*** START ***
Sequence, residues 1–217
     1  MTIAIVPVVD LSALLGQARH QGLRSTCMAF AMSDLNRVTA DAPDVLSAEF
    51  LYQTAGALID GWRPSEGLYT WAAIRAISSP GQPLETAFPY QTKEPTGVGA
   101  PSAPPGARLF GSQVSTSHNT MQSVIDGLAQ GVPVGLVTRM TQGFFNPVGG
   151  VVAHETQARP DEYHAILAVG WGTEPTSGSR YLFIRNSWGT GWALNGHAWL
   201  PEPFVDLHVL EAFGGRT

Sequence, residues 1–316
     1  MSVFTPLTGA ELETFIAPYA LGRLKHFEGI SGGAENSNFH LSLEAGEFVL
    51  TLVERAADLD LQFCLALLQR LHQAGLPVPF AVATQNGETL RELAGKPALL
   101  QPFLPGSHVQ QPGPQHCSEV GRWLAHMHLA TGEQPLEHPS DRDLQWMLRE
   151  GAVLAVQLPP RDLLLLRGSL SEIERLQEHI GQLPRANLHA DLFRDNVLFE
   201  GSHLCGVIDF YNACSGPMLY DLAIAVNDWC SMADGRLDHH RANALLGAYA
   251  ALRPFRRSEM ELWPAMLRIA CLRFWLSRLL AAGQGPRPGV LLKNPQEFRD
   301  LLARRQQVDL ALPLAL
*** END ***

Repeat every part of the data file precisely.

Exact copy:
Sequence, residues 1–217
     1  MTIAIVPVVD LSALLGQARH QGLRSTCMAF AMSDLNRVTA DAPDVLSAEF
    51  LYQTAGALID GWRPSEGLYT WAAIRAISSP GQPLETAFPY QTKEPTGVGA
   101  PSAPPGARLF GSQVSTSHNT MQSVIDGLAQ GVPVGLVTRM TQGFFNPVGG
   151  VVAHETQARP DEYHAILAVG WGTEPTSGSR YLFIRNSWGT GWALNGHAWL
   201  PEPFVDLHVL EAFGGRT

Sequence, residues 1–316
     1  MSVFTPLTGA ELETFIAPYA LGRLKHFEGI SGGAENSNFH LSLEAGEFVL
    51  TLVERAADLD LQFCLALLQR LHQAGLPVPF AVATQNGETL RELAGKPALL
   101  QPFLPGSHVQ QPGPQHCSEV GRWLAHMHLA TGEQPLEHPS DRDLQWMLRE
   151  GAVLAVQLPP RDLLLLRGSL SEIERLQEHI GQLPRANLHA DLFRDNVLFE
   201  GSHLCGVIDF YNACSGPMLY DLAIAVNDWC SMADGRLDHH RANALLGAYA
   251  ALRPFRRSEM ELWPAMLRIA CLRFWLSRLL AAGQGPRPGV LLKNPQEFRD
   301  LLARRQQVDL ALPLAL